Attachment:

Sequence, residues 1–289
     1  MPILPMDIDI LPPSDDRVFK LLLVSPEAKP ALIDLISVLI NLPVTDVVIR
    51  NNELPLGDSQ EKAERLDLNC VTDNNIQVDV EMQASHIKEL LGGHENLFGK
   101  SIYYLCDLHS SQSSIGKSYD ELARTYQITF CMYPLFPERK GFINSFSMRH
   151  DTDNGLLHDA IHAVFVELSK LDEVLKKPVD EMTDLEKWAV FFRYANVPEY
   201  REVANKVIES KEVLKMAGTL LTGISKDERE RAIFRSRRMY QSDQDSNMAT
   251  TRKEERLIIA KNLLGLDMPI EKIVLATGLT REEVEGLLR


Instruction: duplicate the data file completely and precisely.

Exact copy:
Sequence, residues 1–289
     1  MPILPMDIDI LPPSDDRVFK LLLVSPEAKP ALIDLISVLI NLPVTDVVIR
    51  NNELPLGDSQ EKAERLDLNC VTDNNIQVDV EMQASHIKEL LGGHENLFGK
   101  SIYYLCDLHS SQSSIGKSYD ELARTYQITF CMYPLFPERK GFINSFSMRH
   151  DTDNGLLHDA IHAVFVELSK LDEVLKKPVD EMTDLEKWAV FFRYANVPEY
   201  REVANKVIES KEVLKMAGTL LTGISKDERE RAIFRSRRMY QSDQDSNMAT
   251  TRKEERLIIA KNLLGLDMPI EKIVLATGLT REEVEGLLR